Abstract: National industrial concentration in the U.S. has risen sharply since the early 1980s, but there remains dispute over whether local geographic concentration has followed a similar trend. Using near population data from the Economic Censuses, we confirm and extend existing evidence on national U.S. industrial concentration while providing novel evidence on local concentration. We document that the Herfindhahl index of local employment concentration, measured at the county-by-NAICS six-digit-industry cell level, fell between 1992 and 2017 even as local sales concentration rose. The divergence between national and local employment concentration trends is attributable to the structural transformation of U.S. economic activity: both sales and employment concentration rose within industry-by-county cells; but reallocation of sales and employment from relatively concentrated Manufacturing industries (e.g., steel mills) towards relatively un-concentrated Service industries (e.g. hair salons) reduced local concentration. A stronger between-sector shift in employment relative to sales drove the net fall in local employment concentration. Holding industry employment shares at their 1992 level, average local employment concentration would have risen by about 9% by 2017. Instead, it fell by 5%. Falling local employment concentration may intensify competition for recent market entrants. Simultaneously, rising within industry-by-geography concentration may weaken competition for incumbent workers who have limited sectoral mobility. To facilitate analysis, we have made data on these trends available at concentration trends.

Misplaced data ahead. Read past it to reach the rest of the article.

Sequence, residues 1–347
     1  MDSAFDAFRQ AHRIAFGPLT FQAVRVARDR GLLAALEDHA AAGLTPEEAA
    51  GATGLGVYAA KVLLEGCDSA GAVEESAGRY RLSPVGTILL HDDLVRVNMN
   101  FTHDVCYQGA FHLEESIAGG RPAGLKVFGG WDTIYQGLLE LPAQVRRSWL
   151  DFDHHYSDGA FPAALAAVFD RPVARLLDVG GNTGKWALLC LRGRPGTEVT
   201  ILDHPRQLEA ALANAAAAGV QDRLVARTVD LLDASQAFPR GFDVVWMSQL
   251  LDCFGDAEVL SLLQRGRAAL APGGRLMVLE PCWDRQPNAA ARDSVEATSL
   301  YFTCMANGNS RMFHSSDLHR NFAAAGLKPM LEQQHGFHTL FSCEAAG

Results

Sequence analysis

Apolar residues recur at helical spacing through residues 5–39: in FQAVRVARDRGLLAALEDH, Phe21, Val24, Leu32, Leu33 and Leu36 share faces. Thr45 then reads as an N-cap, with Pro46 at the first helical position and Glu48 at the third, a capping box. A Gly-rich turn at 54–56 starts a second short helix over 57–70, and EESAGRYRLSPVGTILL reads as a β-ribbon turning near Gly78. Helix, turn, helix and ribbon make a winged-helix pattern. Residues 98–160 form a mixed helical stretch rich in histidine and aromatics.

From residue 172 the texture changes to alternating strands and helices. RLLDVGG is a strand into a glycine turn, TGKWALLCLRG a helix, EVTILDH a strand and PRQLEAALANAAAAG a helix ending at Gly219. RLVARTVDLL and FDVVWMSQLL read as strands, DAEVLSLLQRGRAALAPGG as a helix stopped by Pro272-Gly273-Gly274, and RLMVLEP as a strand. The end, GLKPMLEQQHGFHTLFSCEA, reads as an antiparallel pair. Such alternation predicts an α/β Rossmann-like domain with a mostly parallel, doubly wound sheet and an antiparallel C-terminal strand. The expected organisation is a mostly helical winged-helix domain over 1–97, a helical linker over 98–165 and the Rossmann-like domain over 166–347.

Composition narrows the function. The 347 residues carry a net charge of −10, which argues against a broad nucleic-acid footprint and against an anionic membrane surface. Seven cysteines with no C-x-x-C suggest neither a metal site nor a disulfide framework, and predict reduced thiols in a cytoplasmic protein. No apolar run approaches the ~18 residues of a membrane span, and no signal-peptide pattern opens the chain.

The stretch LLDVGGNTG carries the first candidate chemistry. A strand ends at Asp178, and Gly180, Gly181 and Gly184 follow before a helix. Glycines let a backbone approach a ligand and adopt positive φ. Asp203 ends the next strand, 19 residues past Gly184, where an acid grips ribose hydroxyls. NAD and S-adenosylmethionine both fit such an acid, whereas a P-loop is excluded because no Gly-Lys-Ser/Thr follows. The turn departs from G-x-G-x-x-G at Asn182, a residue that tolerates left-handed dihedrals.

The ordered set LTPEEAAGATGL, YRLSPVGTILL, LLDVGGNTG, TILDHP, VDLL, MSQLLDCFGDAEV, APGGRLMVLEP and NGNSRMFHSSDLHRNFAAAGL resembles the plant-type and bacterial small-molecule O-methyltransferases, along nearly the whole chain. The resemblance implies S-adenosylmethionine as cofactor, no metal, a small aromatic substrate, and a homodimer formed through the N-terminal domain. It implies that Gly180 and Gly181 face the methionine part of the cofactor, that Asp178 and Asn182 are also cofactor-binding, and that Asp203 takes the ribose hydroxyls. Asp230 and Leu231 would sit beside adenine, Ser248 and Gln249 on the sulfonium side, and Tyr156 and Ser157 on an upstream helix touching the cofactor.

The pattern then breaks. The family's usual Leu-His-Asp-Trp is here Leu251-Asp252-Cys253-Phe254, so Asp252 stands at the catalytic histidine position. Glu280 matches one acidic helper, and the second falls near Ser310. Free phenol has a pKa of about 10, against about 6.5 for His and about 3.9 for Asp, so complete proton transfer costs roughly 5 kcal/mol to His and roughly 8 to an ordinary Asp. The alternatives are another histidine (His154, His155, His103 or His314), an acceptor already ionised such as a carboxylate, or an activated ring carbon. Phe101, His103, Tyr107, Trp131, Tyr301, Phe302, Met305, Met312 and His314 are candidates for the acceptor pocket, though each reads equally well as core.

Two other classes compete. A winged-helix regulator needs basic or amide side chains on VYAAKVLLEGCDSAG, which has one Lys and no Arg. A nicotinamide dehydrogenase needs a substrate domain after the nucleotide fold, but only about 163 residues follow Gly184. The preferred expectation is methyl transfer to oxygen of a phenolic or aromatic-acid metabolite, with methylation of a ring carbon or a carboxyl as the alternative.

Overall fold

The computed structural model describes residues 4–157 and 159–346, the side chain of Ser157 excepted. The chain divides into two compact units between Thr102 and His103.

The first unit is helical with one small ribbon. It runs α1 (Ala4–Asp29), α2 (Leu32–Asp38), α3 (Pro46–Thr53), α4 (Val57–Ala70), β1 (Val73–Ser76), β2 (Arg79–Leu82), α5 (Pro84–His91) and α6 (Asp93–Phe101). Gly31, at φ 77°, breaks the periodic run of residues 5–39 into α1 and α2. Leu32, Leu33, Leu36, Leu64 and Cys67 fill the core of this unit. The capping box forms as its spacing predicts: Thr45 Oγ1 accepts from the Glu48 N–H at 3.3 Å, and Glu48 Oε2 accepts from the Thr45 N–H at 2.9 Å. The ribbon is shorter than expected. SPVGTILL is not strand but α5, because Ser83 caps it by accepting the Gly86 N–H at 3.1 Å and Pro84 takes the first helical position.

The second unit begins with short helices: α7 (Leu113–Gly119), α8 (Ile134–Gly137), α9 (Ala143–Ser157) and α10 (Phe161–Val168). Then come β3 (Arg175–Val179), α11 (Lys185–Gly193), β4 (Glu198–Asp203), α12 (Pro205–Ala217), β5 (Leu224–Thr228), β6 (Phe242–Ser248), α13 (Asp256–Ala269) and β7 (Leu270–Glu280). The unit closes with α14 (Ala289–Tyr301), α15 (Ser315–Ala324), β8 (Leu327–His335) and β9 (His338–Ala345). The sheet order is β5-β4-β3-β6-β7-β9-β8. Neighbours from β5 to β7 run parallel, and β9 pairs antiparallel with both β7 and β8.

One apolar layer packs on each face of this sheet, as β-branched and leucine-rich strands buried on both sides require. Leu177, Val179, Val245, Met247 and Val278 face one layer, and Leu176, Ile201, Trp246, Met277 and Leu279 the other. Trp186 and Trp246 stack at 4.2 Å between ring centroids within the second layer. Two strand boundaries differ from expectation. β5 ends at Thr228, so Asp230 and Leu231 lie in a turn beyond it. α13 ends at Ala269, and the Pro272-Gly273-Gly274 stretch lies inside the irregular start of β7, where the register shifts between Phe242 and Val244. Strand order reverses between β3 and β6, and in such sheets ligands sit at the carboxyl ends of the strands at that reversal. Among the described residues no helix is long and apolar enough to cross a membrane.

Keywords: national and local employment concentration, local geographic concentration, sales, U.S.
    Date: 2023–04–19
  10. By: Philippe Aghion; Celine Antonin; Simon Bunel; Xavier Jaravel